Much has been written for years about China’s DF-21D anti-ship ballistic missile, or what most media refer to as the “carrier killer” for the threat it poses to aircraft carriers. the US Navy. But there is a more powerful missile, the DF-26, which seems to have even deadlier uses besides “killing” aircraft carriers: As China continues its military reinforcementone of the areas of greatest concern for the U.S. military has been the continued development of its Anti-Access/Zone Denial (A2/AD). China’s A2/AD strategy combines a range of military capabilities, from improved air defense systems and advanced fifth-generation combat aircraft to more capable warships, in an effort to limit the capability of the US military to operate effectively in East Asia.
China is pursuing its A2/AD strategy through the development of military capabilities capable of both directly targeting US warships and warplanes operating in theater as well as critical facilities such as ports and airbases on which they depend. By excluding the US military from the region in this way, China could succeed in both reducing US influence in the region in peacetime while significantly degrading its ability to carry out effective military action in support of its allies. and partners in the region. if hostilities broke out.
Enter the DF-26 IRBM
A central element of China’s A2/AD strategy is its development of increasingly capable ballistic missile systems. One such system is the DF-26 intermediate-range ballistic missile (IRBM), which is capable of hitting targets as far away as Guam and gives China the ability to target most US military installations in the east. of the Pacific Ocean.
The DF-26 IRBM was first publicly unveiled at a military parade in Beijing in 2015 and was first deployed by units of the People’s Liberation Army (PLA) in 2016. The first units dedicated DF-26 missiles were established in 2018, and the US Department of Defense has valued that the PLA Rocket Force could operate up to 200 DF-26 launchers.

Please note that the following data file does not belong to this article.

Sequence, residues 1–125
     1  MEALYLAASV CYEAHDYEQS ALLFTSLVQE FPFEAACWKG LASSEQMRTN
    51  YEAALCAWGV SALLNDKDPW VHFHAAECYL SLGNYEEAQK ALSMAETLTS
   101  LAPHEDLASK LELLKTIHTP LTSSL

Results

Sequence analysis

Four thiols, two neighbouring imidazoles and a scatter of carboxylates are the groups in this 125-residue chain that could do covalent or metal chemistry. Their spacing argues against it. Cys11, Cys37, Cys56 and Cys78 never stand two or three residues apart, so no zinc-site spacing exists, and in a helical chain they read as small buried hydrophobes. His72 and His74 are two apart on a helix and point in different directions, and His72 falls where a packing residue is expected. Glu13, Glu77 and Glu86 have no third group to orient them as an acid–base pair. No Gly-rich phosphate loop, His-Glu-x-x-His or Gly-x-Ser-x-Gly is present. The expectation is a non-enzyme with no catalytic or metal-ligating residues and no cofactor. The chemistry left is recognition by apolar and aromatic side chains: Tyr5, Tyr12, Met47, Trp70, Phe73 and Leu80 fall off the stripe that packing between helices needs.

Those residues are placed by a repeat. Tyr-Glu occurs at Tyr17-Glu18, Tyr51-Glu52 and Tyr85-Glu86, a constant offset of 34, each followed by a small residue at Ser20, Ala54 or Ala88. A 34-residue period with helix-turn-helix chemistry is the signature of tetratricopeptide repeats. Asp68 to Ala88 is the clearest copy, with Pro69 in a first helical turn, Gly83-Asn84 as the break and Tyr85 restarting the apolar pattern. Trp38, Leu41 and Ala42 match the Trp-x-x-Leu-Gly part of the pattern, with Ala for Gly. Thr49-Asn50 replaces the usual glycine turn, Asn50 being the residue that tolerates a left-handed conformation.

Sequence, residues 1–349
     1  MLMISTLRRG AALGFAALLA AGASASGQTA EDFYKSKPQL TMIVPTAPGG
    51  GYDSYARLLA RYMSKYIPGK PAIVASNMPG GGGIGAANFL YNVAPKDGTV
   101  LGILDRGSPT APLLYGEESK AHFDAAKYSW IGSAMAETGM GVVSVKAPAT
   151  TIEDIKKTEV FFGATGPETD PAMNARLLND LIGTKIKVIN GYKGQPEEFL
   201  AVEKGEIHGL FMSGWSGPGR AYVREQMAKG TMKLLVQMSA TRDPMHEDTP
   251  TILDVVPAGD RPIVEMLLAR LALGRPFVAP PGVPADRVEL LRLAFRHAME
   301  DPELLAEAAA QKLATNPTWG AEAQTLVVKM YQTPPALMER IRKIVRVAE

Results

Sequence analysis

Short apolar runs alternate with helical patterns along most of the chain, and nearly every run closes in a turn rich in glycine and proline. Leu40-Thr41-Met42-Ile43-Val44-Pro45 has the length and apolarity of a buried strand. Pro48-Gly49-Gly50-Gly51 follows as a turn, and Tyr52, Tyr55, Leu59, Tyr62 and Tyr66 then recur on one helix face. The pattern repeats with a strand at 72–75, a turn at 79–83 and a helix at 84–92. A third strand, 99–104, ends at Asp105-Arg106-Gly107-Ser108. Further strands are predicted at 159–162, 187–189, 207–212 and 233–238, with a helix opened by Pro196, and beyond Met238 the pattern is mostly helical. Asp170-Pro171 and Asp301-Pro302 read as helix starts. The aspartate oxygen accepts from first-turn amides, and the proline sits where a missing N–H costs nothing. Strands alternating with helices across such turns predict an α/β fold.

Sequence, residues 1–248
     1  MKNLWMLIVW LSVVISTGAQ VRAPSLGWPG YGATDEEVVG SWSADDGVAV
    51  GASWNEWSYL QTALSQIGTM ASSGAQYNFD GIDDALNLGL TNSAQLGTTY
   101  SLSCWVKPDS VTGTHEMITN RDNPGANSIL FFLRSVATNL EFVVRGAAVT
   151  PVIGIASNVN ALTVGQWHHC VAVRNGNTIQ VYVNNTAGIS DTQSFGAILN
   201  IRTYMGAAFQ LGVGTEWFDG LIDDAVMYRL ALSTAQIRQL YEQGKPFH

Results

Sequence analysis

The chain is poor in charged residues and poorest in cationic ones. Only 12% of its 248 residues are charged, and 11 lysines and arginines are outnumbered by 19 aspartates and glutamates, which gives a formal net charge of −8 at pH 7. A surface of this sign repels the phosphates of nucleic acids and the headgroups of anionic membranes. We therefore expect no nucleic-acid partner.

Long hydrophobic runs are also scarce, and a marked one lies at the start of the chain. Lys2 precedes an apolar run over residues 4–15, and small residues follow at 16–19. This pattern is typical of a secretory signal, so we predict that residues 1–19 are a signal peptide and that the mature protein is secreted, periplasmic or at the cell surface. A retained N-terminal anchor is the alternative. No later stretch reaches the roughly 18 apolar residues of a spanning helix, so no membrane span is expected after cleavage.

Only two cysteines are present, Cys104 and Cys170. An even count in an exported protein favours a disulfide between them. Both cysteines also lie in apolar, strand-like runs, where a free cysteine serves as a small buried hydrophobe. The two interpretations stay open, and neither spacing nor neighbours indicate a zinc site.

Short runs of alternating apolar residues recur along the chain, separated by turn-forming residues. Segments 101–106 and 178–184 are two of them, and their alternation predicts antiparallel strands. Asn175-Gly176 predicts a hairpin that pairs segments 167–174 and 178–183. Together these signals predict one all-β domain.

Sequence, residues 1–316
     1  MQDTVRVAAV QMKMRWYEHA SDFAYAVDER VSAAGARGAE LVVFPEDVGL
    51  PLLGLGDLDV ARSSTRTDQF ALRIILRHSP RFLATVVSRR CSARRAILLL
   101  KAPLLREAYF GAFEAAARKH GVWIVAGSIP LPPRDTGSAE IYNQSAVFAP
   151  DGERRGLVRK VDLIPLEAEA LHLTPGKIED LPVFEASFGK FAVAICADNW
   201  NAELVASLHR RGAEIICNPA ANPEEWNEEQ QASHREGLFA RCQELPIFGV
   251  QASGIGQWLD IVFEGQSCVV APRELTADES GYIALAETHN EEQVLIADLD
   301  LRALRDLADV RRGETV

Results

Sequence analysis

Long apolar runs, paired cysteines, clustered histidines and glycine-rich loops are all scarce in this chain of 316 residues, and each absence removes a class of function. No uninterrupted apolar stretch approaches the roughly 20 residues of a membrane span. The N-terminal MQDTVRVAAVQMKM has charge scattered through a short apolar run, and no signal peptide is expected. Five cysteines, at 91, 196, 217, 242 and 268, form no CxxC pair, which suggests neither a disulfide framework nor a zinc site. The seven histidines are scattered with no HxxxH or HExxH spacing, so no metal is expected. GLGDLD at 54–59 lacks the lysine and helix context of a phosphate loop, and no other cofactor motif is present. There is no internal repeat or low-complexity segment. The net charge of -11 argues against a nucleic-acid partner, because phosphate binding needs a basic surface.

the DF-26 is a two-stage, solid-fuel, road-mobile missile that is likely a larger variant of the Chinese missile DF-21 medium-range ballistic missile (MRBM). The DF-26 has an estimated maximum range of 3,000 to 4,000 kilometers, which puts Guam and other regional US military installations within range. The DF-26 is China’s first conventionally-armed ballistic missile capable of striking Guam, a fact that has earned the DF-26 its nickname “Guam’s killer”. The missile is both transported and fired using the Chinese-made HTF5680 12 x 12 (TEL) transporter-erector launcher.
The DF-26 is believed to have a maximum payload capacity of between 1,200 and 1,800 kilograms and is capable of mounting both conventional and nuclear warheads. The DF-26 appears to be unique among Chinese ballistic missile systems in that the weapon may have been designed so as to ensure that it was “hot-swapable” and capable of rapidly switching between nuclear and conventional payloads.
The DF-26 also appears to have served as the basis for the development of a Chinese anti-ship ballistic missile (ASBM) variant. There was already speculation that the DF-26 could be used to strike targets at sea, and this speculation only intensified after a trial 2017 of a missile that was fired into the Bohai Sea near the Korean Peninsula, which some say involved the use of a DF-26 or a new variant of it.
Since then, the PLA has tested both the DF-21D – believed to be China’s first ASBM model – as well as what some have now called the DF-26B. In August 2020, a test of the two weapons demonstrated that they may be capable of hitting moving targets at sea. If true, these weapons would pose a major threat to US aircraft carriers operating in the region.
Eli Fuhrman was an associate fellow in Korean studies at the Center for the National Interest and a recent graduate of Georgetown University’s Security Studies program, where he focused on security issues in East Asia and US foreign and defense policy in the region.